Elon Musk hits up Qataris and Saudis for Twitter coup cash
Qatari and Saudi businesses are among those that have put up money to help finance businessman Elon Musk's deal to take over social media giant Twitter.
According to a securities filing made by Musk on Thursday, he has raised $7.1bn for the acquisition from 18 investors, including Saudi prince Alwaleed bin Talal's Kingdom Holding Company conglomerate and Qatar Holding LLC, a subsidiary of the state-backed Qatar Investment Authority.
Others include Ellison ($1 bn), Sequoia Capital ($800m) and Vy Capital ($700m).
The filing said that Alwaleed bin Talal had agreed to contribute about 35 million Twitter shares worth $1.9bn so as to retain a stake in the company post-acquisition.
"I look forward to roll our ~$1.9bn in the 'new' @Twitter and join you on this exciting journey," he tweeted on Thursday.
The Saudi prince, who says he is a major Twitter shareholder, said in April he would reject Musk's "best and final" offer to buy 100 percent of the company for $43bn.
"I don't believe that the proposed offer by @elonmusk ($54.20) comes close to the intrinsic value of (Twitter) given its growth prospects. Being one of the largest & long-term shareholders of Twitter, @Kingdom_KHC & I reject this offer," the prince wrote.
Musk then responded to the prince's rejection with an apparent jab at the kingdom's own media laws.
"Interesting. Just two questions, if I may," Musk replied.
"How much of Twitter does the Kingdom own, directly & indirectly? What are the Kingdom’s views on journalistic freedom of speech?"
Multi-billion dollar deal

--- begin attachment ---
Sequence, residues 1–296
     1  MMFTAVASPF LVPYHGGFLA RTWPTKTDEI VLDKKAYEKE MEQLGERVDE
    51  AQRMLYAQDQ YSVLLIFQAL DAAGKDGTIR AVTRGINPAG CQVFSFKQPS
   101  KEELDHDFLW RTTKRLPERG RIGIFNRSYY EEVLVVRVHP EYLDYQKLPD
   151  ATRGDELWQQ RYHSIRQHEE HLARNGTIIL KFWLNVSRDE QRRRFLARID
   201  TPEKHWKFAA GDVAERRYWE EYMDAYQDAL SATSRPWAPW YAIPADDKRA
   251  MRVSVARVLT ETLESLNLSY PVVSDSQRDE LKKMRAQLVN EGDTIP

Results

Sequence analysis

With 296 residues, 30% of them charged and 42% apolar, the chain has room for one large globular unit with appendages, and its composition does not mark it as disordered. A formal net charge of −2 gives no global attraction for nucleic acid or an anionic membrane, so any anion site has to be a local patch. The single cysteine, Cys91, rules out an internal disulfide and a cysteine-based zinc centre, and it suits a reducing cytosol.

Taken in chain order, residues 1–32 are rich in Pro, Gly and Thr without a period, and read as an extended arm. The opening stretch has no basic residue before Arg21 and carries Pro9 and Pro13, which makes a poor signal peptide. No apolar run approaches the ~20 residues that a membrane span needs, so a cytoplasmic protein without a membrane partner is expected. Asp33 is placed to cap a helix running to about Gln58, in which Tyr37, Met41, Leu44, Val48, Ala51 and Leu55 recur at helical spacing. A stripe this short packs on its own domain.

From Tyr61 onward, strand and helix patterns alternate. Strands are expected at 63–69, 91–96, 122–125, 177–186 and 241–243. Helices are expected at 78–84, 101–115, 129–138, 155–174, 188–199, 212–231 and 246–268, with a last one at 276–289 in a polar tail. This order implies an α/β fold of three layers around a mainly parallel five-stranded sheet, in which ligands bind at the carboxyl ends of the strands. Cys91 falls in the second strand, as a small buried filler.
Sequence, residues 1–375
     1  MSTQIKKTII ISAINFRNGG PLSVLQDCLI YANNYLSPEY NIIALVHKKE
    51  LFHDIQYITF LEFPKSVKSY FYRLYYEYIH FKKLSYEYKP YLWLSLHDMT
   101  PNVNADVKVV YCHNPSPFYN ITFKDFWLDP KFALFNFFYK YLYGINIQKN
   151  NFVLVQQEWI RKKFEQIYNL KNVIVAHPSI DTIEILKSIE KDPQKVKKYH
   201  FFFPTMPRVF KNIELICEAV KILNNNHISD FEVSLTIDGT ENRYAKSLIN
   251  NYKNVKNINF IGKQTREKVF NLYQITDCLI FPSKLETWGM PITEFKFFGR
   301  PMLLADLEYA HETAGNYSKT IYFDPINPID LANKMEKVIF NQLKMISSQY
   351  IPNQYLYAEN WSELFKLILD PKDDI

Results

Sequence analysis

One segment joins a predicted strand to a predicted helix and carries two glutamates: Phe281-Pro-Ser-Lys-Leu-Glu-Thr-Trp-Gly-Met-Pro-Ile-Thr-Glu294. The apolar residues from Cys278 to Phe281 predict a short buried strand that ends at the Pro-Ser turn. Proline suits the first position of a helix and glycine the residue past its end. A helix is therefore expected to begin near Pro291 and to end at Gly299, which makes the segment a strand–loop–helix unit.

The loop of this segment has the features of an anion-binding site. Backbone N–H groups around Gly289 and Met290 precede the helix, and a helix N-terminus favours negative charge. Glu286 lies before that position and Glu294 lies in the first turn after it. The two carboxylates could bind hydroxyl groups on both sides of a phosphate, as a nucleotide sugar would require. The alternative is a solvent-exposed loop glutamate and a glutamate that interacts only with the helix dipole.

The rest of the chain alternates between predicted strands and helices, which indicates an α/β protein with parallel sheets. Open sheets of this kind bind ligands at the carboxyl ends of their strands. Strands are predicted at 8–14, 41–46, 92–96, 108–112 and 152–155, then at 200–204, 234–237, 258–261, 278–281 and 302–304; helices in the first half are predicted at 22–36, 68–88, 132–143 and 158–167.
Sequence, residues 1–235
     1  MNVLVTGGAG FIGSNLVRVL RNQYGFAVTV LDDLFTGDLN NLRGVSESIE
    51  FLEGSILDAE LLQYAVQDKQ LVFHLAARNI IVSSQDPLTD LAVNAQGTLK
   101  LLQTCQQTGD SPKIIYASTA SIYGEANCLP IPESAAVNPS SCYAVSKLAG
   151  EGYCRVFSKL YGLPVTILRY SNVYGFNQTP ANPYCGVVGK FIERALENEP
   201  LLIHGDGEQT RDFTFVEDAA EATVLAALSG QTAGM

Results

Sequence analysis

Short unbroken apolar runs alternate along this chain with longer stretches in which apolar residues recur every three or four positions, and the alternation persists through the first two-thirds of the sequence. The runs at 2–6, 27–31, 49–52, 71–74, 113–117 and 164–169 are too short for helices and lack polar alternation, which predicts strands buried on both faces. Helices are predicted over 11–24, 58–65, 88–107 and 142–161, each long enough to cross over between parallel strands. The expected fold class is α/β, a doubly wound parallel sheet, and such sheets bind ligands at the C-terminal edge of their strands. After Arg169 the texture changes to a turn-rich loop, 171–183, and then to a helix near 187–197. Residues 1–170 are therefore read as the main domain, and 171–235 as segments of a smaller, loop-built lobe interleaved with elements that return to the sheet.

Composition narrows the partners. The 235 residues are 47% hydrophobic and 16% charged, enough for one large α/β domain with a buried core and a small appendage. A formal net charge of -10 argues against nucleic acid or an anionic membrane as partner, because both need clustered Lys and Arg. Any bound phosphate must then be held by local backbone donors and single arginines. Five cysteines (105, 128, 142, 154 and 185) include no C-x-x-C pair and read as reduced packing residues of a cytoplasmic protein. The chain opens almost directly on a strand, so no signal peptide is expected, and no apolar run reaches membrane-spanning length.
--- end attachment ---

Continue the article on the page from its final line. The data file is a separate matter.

The investments will reduce a $12.5bn margin loan organised through Morgan Stanley and other banks to $6.25bn, the filing said.
The new financing means less of Musk's Tesla shares will be used as collateral under the margin loan.
Musk "may receive additional financing commitments to fund additional portions of the total Merger Consideration", the filing said.
It added that the Tesla chief was also discussing with former Twitter chief executive Jack Dorsey and others who may contribute shares to maintain an equity stake.
The Twitter takeover is expected to close later in 2022.
Upon completion of the deal, Musk is expected to serve as temporary CEO of Twitter for a few months, according to CNBC, which cited unnamed sources.
Twitter's share price skyrocketed last month after Musk announced he had acquired a nine percent stake in the company, becoming its largest shareholder.
Musk had considered joining Twitter's board but ultimately rejected a seat at the company's table on Monday. According to Bloomberg, Musk's wealth hovers around $260bn.
The billionaire has been critical of Twitter's policies on "free speech" and its business model, suggesting the company move from an ad-based business to one that relies on subscriptions.
He has said the platform needs to go private in order to change and unlock its true potential.